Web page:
Little Bobby was so excited he couldn’t even shut his eyes, let alone sleep. The sounds of the night were muffled by the falling snow outside his bedroom window. The silent night was broken only by the soft, sweet breathing of his little brother and baby sister, her crib pushed into their room to make way for uncles, aunts and cousins in the nursery.
Bobby clutched his Teddy tightly, and strained his ears for a jingle of sleigh-bells, a tread of hooves on the roof, a rush and rustle in the chimney stack.
Only this week, that bad boy Danny Rawls had been teasing him and taunting that there was no Santa, that Santa was a lie. But Bobby refused to believe Mommy would tell him such a fib. Santa was too good, too generous, to beautiful and wonderful not to exist.
Still, Bobby had a hard, painful knot in his chest. Maybe Danny was right. Maybe there was no Santa. Maybe Daddy and Mommy laid all the sparkling presents, gay in their wrappings and festive bows, beneath the fragrant and shining tree each year. Maybe when he was older, the magic would end, and there would be no miracles, no beauty, no imagination, no Santa.
Bobby had suffered in silence all Christmas week, too miserable to ask his Mother the questions that tormented his days and haunted his dreams. Perhaps he was afraid of what the answer might be.
Through the interminable hours (we oldsters forget how time drags on for a children, especially waiting for a great event like a Birthday or a Holiday.) Bobby’s mind was fevered with doubt, sick with certainty, then alternately wistful with hope.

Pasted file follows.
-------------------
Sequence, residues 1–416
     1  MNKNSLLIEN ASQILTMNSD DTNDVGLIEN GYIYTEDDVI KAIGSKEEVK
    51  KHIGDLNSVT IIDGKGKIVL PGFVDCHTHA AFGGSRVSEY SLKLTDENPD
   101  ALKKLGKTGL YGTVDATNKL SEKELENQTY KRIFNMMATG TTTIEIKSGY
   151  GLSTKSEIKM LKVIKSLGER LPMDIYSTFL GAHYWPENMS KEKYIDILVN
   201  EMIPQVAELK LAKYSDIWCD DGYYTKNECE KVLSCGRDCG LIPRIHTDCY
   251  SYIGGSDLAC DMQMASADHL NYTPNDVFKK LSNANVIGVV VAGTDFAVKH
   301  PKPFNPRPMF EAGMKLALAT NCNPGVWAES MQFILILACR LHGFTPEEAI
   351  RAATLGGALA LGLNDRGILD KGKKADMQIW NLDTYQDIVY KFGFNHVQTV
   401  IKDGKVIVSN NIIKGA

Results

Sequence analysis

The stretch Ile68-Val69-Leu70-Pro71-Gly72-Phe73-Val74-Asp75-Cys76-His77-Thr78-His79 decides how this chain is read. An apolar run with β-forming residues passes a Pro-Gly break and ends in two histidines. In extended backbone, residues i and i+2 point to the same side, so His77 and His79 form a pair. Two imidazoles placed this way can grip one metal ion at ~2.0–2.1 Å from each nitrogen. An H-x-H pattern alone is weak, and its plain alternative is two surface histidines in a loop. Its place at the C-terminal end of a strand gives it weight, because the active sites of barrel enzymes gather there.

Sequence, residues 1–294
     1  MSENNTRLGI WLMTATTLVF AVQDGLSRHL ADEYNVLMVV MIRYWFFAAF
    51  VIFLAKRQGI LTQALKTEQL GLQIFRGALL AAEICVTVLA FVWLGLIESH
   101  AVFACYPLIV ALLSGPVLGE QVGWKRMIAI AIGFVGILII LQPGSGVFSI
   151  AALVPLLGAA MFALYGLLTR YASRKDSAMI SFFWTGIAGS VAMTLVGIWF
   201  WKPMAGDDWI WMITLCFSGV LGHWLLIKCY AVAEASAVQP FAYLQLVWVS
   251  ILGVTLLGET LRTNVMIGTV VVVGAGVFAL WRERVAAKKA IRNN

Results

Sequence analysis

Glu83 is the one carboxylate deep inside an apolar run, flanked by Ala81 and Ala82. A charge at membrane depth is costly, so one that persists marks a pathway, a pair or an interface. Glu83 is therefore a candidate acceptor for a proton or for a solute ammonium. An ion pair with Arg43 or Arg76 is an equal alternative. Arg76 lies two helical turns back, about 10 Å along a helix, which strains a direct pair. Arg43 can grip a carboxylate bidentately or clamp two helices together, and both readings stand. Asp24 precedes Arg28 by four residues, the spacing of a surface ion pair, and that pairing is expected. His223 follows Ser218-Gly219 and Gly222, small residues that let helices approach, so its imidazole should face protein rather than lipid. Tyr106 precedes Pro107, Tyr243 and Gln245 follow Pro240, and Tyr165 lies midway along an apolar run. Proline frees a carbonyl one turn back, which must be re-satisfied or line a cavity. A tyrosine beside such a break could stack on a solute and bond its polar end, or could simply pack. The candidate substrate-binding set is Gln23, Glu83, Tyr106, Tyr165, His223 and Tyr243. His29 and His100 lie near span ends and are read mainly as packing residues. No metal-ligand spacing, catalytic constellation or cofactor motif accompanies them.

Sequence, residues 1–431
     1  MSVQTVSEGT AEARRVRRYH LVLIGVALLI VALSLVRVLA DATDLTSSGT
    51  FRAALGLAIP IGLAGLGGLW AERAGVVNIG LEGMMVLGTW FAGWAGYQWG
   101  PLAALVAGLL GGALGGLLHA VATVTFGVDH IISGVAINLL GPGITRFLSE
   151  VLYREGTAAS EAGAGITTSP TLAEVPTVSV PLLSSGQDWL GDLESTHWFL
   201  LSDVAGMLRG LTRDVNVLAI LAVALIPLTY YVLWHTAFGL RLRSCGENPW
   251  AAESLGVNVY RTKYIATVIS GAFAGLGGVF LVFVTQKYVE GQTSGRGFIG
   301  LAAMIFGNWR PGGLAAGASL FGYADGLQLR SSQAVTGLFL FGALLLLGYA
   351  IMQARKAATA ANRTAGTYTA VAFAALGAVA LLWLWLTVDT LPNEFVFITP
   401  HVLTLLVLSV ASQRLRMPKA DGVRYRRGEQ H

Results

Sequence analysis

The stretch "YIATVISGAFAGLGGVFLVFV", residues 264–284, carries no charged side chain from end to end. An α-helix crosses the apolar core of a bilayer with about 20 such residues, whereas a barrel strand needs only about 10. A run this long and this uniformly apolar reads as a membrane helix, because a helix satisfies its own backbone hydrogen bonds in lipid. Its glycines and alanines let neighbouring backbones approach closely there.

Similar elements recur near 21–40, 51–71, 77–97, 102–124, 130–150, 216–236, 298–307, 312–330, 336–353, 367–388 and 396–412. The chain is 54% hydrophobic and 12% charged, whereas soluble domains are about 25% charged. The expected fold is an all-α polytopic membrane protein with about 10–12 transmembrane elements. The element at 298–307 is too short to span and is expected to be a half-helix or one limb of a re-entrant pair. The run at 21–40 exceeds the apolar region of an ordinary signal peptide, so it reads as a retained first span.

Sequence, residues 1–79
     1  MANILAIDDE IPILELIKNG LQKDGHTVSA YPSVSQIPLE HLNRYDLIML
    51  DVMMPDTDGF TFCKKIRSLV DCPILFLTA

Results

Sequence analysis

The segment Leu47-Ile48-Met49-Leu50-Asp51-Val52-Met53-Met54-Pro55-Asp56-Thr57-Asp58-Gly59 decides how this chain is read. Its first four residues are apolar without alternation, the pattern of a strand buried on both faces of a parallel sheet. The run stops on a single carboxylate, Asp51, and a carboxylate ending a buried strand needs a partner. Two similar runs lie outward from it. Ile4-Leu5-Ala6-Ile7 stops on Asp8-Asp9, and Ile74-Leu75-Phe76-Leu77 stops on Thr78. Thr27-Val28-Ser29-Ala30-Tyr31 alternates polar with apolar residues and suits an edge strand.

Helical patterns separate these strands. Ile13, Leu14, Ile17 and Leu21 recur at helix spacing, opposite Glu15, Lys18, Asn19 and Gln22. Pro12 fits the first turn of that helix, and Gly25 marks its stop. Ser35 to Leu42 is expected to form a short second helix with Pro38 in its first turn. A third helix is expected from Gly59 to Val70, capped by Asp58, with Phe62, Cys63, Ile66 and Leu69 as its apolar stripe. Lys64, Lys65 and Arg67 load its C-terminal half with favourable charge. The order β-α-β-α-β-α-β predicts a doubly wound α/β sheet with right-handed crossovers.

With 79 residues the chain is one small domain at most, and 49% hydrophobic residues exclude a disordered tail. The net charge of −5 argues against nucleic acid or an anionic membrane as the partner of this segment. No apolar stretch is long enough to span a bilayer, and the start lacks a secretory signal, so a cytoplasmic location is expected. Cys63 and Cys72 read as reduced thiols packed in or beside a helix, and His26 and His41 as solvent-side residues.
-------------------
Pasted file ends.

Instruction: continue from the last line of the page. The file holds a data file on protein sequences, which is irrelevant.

For in a moment of revelation, when praying in church the Sunday before Christmas, Bobby sent a small, beseeching plea to the large statue of Christ crucified, awesome and holy, to please let Santa be real, and to please Lord, let Santa be revealed to him.
And Jesus had answered him, looking directly at Bobby with his soft brown eyes, so full of understanding and love. Bobby could hear Christ’s answer in his head, as if God were speaking to him alone, and it gave him comfort and a resolute plan to find out himself if Santa were real or not.
So Christmas Eve night, almost midnight, Bobby was lying in the dark, as wide awake as if it were noon, praying to Jesus to be with him, and show him the great secret. As the night reached into the wee hours, Bobby heard the slightest sound downstairs, and he knew the time had come.
Bobby crept down the stairs, Teddy bumping his head on each step as he descended, dragging up the rear. Bobby’s eyes became accustomed to the dark, catlike, and he made out a form on the living room sofa. A chubby, jolly form, soft in the shadows, indistinct and hazy, but Bobby knew who it was.
He drew nearer, shyly at first, then as he saw the red fabric covering the seated form he knew his prayers had been answered and reached out his arms to embrace Santa.
Bobby saw a great light, a beautiful red glow, and felt himself leave the Earth, an angel, floating free and light, heard beautiful music and the gates of Heaven, and was happy. Then he everything went red at the edges and finally total blackness as he entered oblivion and then he knew nothing more, as if a candle had gone out, forever.
Bobby’s Uncle Barry lowered the shotgun and peered near-sightedly through the darkness to see if he his aim had been true, clouded as it was by the many egg-nog brandies he had consumed Christmas Eve. It was a good thing he had stayed up to guard the presents against the Christmas Burglar who skulked into homes after families were fast asleep. By the looks of the shotgun riddled remains at Uncle Barry’s feet, the Burglar had robbed his last house. Wait until the family, calling out in alarm at the shot, came in and saw Uncle Barry’s handiwork. Then they would be singing a different tune.
Outside the house there was a very faint jingling sound, then nothing.